Skip to main content
Open Access Publications from the University of California

A theory of algorithms and implementations and their relevance to cognitive science


The question of how algorithms in general and cognitive skills in particular are implemented by our nervous system is at the core of cognitive science. The notions of what it means for a physical system (such as our nervous system) to implement an algorithm, however, are surprisingly vague. We argue that a rigorous theory is needed to formulate and evaluate precise hypotheses about the brain's cognitive functions and propose a definition of the term algorithm as a chain of functions. Subsequently, we define the term implementation via a sequence of projections from a dynamical system, represented by a Markov process, to the algorithm. We furthermore show the practical applicability of this approach in a simulated example. We believe that the theory proposed here contributes to bridging the gap between the algorithmic and the implementational level by rendering the task at hand theoretically precise.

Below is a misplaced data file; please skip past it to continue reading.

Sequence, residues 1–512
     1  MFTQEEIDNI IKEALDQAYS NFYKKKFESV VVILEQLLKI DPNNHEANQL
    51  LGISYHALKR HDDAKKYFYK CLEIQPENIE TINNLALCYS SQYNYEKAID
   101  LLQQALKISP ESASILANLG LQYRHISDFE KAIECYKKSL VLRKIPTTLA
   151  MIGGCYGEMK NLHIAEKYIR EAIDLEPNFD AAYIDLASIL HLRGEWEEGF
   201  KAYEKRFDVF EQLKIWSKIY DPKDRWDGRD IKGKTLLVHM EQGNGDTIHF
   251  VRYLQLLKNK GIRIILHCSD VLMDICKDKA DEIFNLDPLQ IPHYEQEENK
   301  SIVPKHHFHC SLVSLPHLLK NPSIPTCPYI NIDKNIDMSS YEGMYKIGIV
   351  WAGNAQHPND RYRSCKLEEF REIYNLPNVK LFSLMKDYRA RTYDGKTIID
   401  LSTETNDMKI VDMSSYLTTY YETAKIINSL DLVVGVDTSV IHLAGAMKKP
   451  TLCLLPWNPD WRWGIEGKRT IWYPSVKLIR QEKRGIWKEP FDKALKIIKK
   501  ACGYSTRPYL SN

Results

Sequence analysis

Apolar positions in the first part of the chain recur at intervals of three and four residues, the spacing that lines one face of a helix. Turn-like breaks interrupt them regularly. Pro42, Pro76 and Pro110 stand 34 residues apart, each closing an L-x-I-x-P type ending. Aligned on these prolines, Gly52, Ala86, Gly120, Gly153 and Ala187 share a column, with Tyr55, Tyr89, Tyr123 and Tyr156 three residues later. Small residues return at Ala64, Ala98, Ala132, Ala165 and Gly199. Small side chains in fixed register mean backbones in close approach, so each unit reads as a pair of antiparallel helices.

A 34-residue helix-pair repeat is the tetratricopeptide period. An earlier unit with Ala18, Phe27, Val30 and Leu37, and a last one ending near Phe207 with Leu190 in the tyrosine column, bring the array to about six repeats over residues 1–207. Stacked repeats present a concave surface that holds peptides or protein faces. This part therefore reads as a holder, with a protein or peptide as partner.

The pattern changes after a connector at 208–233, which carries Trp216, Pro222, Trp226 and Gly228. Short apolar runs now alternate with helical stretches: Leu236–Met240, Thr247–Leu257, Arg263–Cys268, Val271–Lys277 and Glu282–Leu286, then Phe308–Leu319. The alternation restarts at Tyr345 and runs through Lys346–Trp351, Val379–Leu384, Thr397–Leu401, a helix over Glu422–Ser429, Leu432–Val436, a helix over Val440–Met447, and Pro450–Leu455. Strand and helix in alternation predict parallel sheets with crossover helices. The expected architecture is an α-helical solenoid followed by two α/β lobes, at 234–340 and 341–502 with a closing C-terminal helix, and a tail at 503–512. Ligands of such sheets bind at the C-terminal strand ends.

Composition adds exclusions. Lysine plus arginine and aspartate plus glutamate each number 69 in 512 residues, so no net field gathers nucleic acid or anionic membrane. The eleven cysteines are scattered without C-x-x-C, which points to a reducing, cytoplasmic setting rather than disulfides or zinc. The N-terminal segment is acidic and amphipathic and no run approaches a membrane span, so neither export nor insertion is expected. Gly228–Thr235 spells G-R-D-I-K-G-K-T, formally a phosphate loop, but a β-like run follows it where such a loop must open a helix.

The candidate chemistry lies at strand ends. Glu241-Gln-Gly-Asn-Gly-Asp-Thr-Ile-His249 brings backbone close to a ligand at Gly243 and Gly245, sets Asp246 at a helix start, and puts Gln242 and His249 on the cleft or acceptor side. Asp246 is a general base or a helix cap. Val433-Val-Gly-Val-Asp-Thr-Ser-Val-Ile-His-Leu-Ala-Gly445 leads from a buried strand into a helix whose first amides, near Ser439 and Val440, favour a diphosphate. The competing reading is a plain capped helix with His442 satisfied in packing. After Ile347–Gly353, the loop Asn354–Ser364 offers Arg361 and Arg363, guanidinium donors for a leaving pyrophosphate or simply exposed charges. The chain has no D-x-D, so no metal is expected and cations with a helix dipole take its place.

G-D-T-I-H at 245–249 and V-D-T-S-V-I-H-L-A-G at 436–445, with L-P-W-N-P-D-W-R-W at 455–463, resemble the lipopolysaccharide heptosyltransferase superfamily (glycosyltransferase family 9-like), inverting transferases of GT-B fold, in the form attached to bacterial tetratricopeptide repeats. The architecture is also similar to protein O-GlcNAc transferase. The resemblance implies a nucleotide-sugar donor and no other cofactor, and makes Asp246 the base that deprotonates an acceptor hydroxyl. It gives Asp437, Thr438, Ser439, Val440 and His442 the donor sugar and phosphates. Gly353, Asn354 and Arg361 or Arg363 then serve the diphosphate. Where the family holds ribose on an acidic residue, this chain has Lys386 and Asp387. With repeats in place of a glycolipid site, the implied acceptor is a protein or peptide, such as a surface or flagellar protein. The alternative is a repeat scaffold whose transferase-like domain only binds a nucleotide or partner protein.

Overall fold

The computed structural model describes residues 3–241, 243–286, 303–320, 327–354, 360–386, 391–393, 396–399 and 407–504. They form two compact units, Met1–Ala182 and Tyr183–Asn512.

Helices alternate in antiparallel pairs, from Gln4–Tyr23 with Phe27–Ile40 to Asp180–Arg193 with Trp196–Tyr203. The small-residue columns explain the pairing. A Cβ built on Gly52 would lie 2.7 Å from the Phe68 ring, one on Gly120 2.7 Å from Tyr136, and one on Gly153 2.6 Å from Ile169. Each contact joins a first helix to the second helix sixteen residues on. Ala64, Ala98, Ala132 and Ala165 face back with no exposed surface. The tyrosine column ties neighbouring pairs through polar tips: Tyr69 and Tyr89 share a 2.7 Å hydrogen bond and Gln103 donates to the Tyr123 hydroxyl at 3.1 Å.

Main Content
For improved accessibility of PDF content, download the file to your device.
Current View